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2004-04-15 18:18:53+00:00 - Hey, Corporate America! Show Taxpayers Some Appreciation! - (anne@votenader.org)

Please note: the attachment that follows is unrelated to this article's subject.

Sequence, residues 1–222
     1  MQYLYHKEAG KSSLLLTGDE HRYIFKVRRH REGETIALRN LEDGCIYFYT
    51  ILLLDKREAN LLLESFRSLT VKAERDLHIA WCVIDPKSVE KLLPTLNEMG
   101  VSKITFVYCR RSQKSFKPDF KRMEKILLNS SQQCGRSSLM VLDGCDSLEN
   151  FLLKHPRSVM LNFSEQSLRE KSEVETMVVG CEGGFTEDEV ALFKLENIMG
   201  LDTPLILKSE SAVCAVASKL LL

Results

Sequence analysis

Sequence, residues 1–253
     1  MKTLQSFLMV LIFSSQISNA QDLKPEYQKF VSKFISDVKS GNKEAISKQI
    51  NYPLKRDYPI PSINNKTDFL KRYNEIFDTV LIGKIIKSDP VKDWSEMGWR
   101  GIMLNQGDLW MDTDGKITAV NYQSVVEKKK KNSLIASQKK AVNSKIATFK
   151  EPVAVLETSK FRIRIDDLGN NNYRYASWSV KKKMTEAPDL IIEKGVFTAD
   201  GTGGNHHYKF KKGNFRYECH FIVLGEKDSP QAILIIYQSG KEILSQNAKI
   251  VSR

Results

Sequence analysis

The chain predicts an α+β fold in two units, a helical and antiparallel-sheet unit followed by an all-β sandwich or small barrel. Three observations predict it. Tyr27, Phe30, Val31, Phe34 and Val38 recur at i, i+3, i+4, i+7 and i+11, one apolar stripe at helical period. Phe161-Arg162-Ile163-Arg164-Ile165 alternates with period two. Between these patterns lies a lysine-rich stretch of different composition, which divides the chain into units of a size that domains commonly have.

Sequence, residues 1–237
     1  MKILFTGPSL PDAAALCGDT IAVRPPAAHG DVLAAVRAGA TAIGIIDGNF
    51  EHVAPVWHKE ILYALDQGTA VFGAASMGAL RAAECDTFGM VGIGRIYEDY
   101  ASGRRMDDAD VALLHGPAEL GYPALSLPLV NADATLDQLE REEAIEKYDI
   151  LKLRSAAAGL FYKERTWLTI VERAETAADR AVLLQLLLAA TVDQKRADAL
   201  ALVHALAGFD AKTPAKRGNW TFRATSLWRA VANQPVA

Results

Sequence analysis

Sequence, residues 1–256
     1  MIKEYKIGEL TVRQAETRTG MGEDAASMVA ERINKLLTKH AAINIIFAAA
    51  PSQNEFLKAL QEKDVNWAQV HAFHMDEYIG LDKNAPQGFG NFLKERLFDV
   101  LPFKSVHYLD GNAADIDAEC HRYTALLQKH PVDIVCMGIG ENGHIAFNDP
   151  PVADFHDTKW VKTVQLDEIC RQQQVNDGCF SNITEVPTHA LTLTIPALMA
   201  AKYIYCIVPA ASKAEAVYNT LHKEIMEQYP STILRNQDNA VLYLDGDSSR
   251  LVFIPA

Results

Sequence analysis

Hey, Corporate America! Show Taxpayers Some Appreciation! By Ralph Nader If you work for a corporation, ask your own employer to support Taxpayer Appreciation Day. (We?ve included contact information at the end of the article.) Take Action Now! April 15 is just around the corner. Please let us know what action you?ve taken and what type of response you receive at taxday@votenader.org I'm going to go out on a limb here and suggest that April 15th of each year be designated Taxpayer Appreciation Day, a day when corporations receiving taxpayer subsidies, bailouts, and other forms of corporate welfare can express their thanks to the citizens who provide them. Though it may not be evident, quite a few industries -- and the profits they generate -- can be traced back to taxpayer-financed programs whose fruits have been given away to (mostly) larger businesses. Taxpayer dollars have often funded discoveries made by NASA, the Department of Defense, and the National Institutes of Health and other federal agencies. In many instances the rights to those discoveries were later given away to companies that brag about them as though they were the fruits of their own investments. Taxpayer dollars have played a major role in the growth of the aviation and aerospace, biotechnology, pharmaceutical, and telecommunications industries -- to name only a few. Though corporate America insists it must file yearly income taxes just like everyone else, it is responsible for a sharply decreasing portion of federal tax dollars -- despite record profits. Despite record profits, corporate tax contributions to the federal budget have been steadily declining for fifty years and now stand at a mere 7.4% of the federal government income because of the loopholes they driven into our tax laws. The average citizen pays more than four to five times that in federal income tax revenues (with the single exception of payroll taxes). Clearly corporations that believe they are self-reliant are often, in fact, dependent on taxpayer funds to maintain their financial viability. The least they could do is thank us. Which is why we need something like Taxpayer Appreciation Day. Consider the following: General Electric bought RCA (which owned NBC) in the mid-1980s with funds it was able to save by using an outrageous tax loophole passed by Congress in 1981. That loophole allowed GE to pay no federal taxes on three years of profits, totaling more than $6 billion dollars. It also gave them a $125 million refund! That gave GE the money to buy RCA. GE should arrange a media extravaganzas on NBC to say "Thank you, taxpayers.? Pharmaceutical companies constantly ballyhoo their discoveries in advertisements. What they don't tell us is that many of the important nonredundant therapeutic drugs -- including most anticancer drugs -- were developed, in whole or in part, with taxpayer money and then given to them by the NIH and the Defense Department. Bristol-Meyers Squibb, for example, controls the rights to Taxol, an anticancer drug developed all the way through human clinical trials at the National Institutes of Health with $31 million of taxpayer moneys. Pharmaceutical companies spend billions on advertisements each year. Perhaps they should consider a big "Thank You, Taxpayers" ad campaign every April 15, if only to remind them where their drug research and development subsidies come from. Mining companies often receive vast sweetheart deals from taxpayers. Under the 1872 Mining Act hard rock mining companies are allowed to purchase mining rights to public land for only $5 an acre, no matter how valuable the minerals on (or in) that land might be. A Canadian company recently mined $9 billion in gold on federal land in Nevada after using the Mining Act to purchase the mining rights to it for about $30,000. Mining companies owe the taxpayers their gratitude. Television broadcasters were given free license to use public airwaves (worth around $70 billion) by a supine Congress in 1997. They too should thank us. What about all those professional sports corporations that play and profit in taxpayer-funded stadiums and arenas? The owners and players should thank the fans/taxpayers who -- in spite of their largess -- still must pay through the nose for tickets. For years McDonalds received taxpayer subsidies to promote its products overseas as part of a foreign market access program. Now McDonalds is a ubiquitous brand name worldwide, but has it ever thanked the taxpayers who underwrote its efforts? Then there are the HMOs, hospitals, and defense contractors that have had their legal fees reimbursed by the taxpayers when our government prosecutes them for fraud or cost overruns. Those companies have great public relations firms that can help them show us their gratitude. Corporate America has taken too much from us for too long. It's time it shows us a little bit of appreciation. Corporate Contacts: General Electric (NBC): David Frail Financial Communications 1--203-373-3387 david.frail@corporate.ge.com Bristol-Meyers Squibb: Peter R. Dolan, CEO 345 Park Avenue New York, New York, USA 10154-0037 1-212-546-4000 peter.dolan@bms.com Viacom (CBS, MTV, Nickelodeon, VH1, BET, Paramount Pictures, Viacom Outdoor, Infinity, UPN, Spike TV, TV Land, CMT: Country Music Television, Comedy Central, Showtime, Blockbuster, and Simon & Schuster): Sumner M. Redstone , Chairman and CEO 1515 Broadway New York, NY 10036 1-212-258-6000 (refused to provide email addresses) Walt Disney Co. (ABC): David Eisner, CEO 500 S. Buena Vista Street Burbank, CA 91521 ABC, Inc. 1-818-460-7477 netaudr@abc.com McDonalds USA: Jim Cantalupo, Chairman and CEO McDonald?s Plaza Oak Brook, IL 60523 1-800-244-6227 Email on-line form. Halliburton (Kellogg Brown & Root): David J. Lesar, Chairman, President & CEO 5 Houston Center 1401 McKinney, Suite 2400 Houston, TX 77010 1-713-759-2600 communityrelations@halliburton.com In addition to these, pursue your favorite and let us know what they say! -- of her terrorist client Sheikh Omar Abdul Rahman. One of the members of NION's Advisory Board, Abdeen Jabara, is a member of the legal advisory board for the American Muslim Council. He is a past president of the Arab-American Ant-Discrimination Committee, a board member of William Kunstler's Center for Constitutional Rights, and a co-counsel with Lynne Stewart for Sheik Rahman, the terrorist convicted for the 1993 World Trade Center bombing. The American Muslim Council is one of the current members of Al-Arian's NCPPF (the same group to which IFCO's Bernstein belongs). Leaders of the AMC have been quoted as praising Hamas and Hezbollah. Jabara's AMC advisory board colleagues include Fakhri Al-Barzinji. Al-Barzinji is involved in Mar-Jac Poultry, which was raided last year by the FBI for links to Sami Al-Arian. Bashir Ahmad is another of Jabara's AMC advisory board colleagues. Ahmad is a member of the SAMAD Group (a financial operation) and Justice Taqi Usmani works for the SAMAD Group. Taqi Usmani is a suspected major play